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In order to step up the attempts to reduce greenhouse gas emissions closer to 1990 levels, a fundamental part of the battle against climate change, Britain has challenged Europe to set new emission reduction targets of 50% by 2030.
Ed Davey, the UK secretary for energy and climate change, has said that “the UK is a global leader in tacking climate change and we need to maintain the momentum towards a binding global climate agreement 2015.
That is why we will argue for an E.U. wide binding emissions reductions target of 50 percent by 2030 in the context of an ambitious global climate deal and even a unilateral E.U. 40 percent target without a global deal.”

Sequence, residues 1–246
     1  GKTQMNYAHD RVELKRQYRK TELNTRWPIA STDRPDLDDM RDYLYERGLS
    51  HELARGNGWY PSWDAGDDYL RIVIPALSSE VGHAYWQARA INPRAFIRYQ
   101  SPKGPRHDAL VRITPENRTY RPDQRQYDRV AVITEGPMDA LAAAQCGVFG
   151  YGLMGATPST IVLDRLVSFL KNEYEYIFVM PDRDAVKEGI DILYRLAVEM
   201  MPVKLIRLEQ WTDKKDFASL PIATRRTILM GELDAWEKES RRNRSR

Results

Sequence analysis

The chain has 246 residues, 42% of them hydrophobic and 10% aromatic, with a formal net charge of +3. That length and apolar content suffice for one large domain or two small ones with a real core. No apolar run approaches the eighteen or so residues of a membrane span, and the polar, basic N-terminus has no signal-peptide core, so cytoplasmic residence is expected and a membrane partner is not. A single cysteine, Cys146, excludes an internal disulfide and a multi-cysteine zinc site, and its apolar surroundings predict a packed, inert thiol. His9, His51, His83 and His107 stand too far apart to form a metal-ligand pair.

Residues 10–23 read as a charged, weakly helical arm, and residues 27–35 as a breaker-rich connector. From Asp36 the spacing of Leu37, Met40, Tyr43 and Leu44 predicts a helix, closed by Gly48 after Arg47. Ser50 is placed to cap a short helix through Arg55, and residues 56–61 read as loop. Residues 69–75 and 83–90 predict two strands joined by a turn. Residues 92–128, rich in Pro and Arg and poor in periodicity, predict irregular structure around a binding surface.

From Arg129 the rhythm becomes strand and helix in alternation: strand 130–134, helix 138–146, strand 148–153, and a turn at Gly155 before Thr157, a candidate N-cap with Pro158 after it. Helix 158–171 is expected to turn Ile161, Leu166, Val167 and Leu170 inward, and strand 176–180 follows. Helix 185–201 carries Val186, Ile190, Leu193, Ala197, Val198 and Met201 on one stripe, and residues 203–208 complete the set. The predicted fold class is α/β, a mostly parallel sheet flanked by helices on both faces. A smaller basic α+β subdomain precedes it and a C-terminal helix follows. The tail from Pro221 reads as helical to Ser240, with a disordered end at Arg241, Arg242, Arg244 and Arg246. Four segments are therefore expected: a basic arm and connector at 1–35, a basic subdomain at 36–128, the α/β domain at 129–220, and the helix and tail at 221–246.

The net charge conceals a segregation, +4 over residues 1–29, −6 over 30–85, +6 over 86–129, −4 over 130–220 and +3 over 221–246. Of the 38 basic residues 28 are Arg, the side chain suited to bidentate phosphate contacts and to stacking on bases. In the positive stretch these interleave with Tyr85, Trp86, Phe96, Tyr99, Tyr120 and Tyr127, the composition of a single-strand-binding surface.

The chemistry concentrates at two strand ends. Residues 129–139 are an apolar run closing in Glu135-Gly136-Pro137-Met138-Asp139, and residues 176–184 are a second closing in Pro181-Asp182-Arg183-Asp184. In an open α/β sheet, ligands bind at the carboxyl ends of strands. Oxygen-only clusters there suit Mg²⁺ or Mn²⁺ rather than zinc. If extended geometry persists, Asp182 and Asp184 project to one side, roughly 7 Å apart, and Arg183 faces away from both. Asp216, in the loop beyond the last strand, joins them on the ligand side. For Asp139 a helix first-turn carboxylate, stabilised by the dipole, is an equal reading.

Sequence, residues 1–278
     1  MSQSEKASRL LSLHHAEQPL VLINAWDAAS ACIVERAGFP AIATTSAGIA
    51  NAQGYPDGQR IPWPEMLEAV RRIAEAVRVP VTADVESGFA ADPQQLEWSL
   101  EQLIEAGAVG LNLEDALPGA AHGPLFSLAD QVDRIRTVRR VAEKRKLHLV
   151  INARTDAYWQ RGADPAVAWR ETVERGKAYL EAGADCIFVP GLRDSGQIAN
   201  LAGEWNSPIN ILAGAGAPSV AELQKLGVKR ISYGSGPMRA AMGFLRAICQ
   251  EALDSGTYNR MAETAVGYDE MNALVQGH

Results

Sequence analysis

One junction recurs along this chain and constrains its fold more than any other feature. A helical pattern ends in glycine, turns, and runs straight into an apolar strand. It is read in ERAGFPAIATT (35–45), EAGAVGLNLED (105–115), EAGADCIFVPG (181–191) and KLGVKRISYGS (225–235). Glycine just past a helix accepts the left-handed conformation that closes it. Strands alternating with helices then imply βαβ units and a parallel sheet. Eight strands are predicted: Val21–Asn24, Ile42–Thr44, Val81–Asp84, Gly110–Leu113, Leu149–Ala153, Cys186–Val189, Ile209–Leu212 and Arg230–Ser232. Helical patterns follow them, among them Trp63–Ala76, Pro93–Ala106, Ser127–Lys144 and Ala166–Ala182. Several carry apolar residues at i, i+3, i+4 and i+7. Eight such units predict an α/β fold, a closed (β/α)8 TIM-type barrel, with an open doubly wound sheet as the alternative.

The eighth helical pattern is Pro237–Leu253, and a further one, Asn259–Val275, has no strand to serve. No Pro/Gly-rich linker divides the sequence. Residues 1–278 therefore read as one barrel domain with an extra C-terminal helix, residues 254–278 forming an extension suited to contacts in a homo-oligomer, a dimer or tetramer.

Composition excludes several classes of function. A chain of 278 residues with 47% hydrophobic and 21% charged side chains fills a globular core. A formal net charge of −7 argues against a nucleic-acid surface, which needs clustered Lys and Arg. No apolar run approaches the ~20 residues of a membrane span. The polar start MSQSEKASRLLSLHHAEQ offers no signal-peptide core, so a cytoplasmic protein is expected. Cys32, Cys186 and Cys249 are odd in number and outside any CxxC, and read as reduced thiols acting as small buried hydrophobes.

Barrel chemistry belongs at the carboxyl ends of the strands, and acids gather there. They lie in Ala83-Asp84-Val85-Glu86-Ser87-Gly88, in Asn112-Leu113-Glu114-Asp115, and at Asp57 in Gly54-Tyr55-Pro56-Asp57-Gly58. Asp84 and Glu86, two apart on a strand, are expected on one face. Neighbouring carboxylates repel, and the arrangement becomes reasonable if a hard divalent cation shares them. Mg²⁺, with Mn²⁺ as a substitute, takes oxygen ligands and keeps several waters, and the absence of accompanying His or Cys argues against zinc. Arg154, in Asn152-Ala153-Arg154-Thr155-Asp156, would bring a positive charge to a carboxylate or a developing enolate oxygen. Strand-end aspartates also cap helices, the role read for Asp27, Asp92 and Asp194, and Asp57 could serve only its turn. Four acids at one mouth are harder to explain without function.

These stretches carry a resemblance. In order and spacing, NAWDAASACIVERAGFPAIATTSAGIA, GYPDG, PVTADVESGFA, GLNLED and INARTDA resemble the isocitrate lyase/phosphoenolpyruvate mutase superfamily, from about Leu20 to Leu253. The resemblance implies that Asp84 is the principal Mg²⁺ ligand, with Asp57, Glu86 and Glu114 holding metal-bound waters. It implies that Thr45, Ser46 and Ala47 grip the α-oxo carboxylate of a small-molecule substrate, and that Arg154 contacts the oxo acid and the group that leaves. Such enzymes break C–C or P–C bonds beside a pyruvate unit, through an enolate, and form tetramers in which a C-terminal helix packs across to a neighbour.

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Davey believes that the 2030 target is ambitious but achievable, and a necessity to limit climate change to manageable proportions; and that in order to be able to achieve the target countries must significantly invest in renewable energy and other low carbon technologies.
Whilst Britain is pushing for an ambitious emissions target, it is against the idea of a renewable energy target, claiming that the technology is still too uncertain and a target may not be cost effective, and prove too rigid.
“There a variety of options to decarbonize any country’s economy. In the U.K., our approach is technology neutral and our reforms will rely on the market and competition to determine the low carbon electricity mix. We will therefore oppose a Renewable Energy target at an E.U. level as inflexible and unnecessary.”
By. Charles Kennedy of Oilprice.com
Charles is a writer for Oilprice.com